The common conceptual thread binding these diverse works together is articulated in the exhibition title: “Breaking the Frame” – and all the artworks indeed break the frame in various ways. Scenic installations such as that by the artistic duo awarded as winners, Karina Mendreczky and Katalin Kortmann-Járay titled “Where Have All the Flowers Gone?” or Sari Ember’s “All is Disapperaing” clearly illustrate how these works transcend traditional boundaries. In other instances, the “breakage” is more subtle, as seen in Gábor Pap’s large-scale multimedia paintings, for each of which he crafts individual canvases that deviate from the typical rigid rectangular shape.

Exhibition View at Ludwig Museum, Budapest, 2023
Exhibition View at Ludwig Museum, Budapest, 2023. Photo: Lisa Schulcz

In contrast, Erik Tollas’ work exists without frames altogether, presented as collages of colour and form hanging on the wall. Here, the form of the work is not dictated by a frame or canvas at all but is solely dependent on the materials used – or rather reused, as the artist assembles his works from leftovers of the film industry. Similarly, “Songs of the Soil” by Dániel Bernáth integrateS fragments from the artists’ earlier work into his new pieces, cutting up his old canvasses to provide a new purpose for them in his newer works.

Reflecting on these works and the exhibition concept, I am reminded of a German phrase, “den Rahmen sprengen”, which translates to “to explode the frame” in English. The idiom denotes, essentially, the notion of going beyond the scope of something, and thus being unnessarily abundant or even unattainable. As such, the idiom tends to have a negative meaning. In some ways, one might argue that an exhibition that showcases all kinds of media, formats, styles topics, and ideas potentially risks pushing the limits of what can be a coherent exhibition concept, crossing the fine line of inspiration and over-exaggeration. But this is not the case.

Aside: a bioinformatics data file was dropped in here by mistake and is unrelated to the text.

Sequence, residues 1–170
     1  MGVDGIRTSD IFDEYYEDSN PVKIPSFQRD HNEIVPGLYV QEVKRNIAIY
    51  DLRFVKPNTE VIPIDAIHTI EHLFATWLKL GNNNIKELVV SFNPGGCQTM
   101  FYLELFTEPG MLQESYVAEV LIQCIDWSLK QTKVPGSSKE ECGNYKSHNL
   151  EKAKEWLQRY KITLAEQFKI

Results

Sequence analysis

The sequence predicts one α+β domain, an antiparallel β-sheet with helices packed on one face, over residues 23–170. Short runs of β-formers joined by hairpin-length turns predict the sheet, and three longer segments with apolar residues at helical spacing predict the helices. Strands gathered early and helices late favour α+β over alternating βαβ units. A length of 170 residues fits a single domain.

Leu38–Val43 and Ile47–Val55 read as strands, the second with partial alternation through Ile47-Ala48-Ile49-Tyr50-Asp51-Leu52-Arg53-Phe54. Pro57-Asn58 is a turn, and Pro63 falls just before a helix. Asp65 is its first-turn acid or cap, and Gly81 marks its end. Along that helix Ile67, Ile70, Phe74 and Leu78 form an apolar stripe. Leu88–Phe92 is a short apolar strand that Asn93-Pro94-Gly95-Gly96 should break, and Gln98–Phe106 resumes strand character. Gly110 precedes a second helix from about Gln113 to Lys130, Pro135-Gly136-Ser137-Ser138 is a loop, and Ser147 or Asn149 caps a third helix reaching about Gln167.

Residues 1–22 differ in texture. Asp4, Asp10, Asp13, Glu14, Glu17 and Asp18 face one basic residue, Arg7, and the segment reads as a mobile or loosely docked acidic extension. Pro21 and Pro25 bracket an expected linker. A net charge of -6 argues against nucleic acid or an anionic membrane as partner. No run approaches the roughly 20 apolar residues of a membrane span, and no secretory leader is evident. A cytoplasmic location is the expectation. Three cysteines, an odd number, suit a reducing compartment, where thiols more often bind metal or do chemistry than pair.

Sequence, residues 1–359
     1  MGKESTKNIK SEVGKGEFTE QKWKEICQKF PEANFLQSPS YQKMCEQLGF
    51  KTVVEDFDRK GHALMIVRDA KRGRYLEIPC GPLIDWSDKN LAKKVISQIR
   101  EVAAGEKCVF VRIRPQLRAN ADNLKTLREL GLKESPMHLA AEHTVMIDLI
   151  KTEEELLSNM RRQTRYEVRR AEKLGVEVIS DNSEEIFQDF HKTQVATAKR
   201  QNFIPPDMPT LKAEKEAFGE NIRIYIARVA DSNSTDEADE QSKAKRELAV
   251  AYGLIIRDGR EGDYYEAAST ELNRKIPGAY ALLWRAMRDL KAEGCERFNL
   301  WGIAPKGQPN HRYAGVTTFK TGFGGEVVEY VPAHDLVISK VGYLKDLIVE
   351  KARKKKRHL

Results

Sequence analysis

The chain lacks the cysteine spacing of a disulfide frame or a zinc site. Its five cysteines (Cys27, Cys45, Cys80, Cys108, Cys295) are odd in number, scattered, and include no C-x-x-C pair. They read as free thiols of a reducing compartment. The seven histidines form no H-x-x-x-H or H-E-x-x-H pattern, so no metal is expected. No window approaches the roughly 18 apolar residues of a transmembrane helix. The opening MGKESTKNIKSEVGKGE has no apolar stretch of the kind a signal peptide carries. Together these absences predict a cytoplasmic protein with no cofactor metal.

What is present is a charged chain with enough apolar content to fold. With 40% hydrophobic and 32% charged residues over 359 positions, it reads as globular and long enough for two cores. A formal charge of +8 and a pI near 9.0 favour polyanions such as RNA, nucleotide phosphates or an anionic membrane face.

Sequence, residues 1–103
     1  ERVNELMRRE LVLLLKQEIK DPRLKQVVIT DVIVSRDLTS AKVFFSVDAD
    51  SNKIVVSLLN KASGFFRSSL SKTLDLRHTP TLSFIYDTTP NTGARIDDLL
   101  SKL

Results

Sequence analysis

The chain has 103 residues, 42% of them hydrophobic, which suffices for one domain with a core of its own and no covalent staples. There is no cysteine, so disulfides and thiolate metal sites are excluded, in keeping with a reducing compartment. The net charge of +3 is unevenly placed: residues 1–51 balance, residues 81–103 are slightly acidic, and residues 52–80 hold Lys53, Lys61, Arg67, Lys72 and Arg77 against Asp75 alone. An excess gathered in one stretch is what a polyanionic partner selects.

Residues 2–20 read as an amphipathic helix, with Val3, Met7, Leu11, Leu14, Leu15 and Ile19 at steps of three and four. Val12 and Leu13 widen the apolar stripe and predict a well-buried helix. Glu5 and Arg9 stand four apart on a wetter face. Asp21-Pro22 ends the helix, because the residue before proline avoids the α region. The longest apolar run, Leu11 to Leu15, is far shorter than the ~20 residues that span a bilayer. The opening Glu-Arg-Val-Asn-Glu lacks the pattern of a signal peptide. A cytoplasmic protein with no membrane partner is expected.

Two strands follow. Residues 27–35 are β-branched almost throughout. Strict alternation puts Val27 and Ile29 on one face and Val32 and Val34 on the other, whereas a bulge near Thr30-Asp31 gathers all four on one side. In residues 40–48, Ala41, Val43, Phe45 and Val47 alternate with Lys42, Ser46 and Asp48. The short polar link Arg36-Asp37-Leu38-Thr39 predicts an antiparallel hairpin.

Songs of the Soil, Dániel Bernath, 2023. Foto: Lisa Schulcz
Songs of the Soil, Dániel Bernath, 2023. Photo: Lisa Schulcz

Not only does the art presented break its traditional frames, but so does the exhibition. It breaks the frame of what would perhaps usually be exhibited in a single exhibition, and revels in the diversity instead. And again, I arrive at those initial thoughts: against all odds, contemporary art flourishes. Arrive at the realization that what is shown here loud and proud is the abundance of artistic production, the promise that young artists will continue to challenge boundaries, produce new works, new perspectives, futures. In embracing the idiosyncrasies each position encompasses, the exhibition breaks free from the constraints of a singular narrative, instead offering multitudes. A quality that suits both the evident richness of artistic production and the broader demands of the times we inhabit.

The exhibition is on show until March 3rd. For those that unable to make the journey to Budapest, there will be an opportunity to see the four winning artistic positions in a subsequent exhibition in Eisenstadt, Austria.

Exhibition: Breaking the Frame – Making Future Esterházy Art Award 2023
Duration: 15.12.2023-03.03.2024
Curator: Vitus WEH (Now Esterhazy Contemporary)

Artists / Nominees: BEDE Kincső, BERNÁTH Dániel, BIRKÁS Mona, EMBER Sári, GALLOV Péter, HORVÁTH Gideon, KIRÁLY Gábor, KIS RÓKA Csaba, KRISTÓF Gábor, LŐRINCZ Áron, MENDRECZKY Karina – KORTMANN-JÁRAY Katalin, OLÁH Norbert, PAP Gábor, PINTÉR Gábor, SÜVEGES Rita, TOLLAS Erik, TRAPP Dominika, VÉKONY Dorottya

Jury members: DR. FABÉNYI Julia @juliafabenyi, Dr. Ulrike GROOS @ulrikegroos, Barbara HORVATH @babshorvath, RIEDER Gábor @riedergabor, DR. OTTRUBAY István, SZEGEDY-MASZÁK Zsuzsanna, PhD, Vitus WEH

Address and Contact:
Ludwig Museum Budapest
Komor Marcell u. 1, 1095

In 2009, the Esterhazy Private Foundation established the Esterhazy Art Award through Dr. Stefan Ottrubay. The award is an updated continuation of the artistic patronage pursued by the Princess Esterházy over four centuries. The exhibition, which has become the most important overview of the art scene of young Hungarian talent, is held every two years at the Ludwig Museum in Budapest. The prize itself is worth €5,000 and is awarded to up to three artists by an internal jury. The aim is to promote the greatest talents and their cross-border exchange.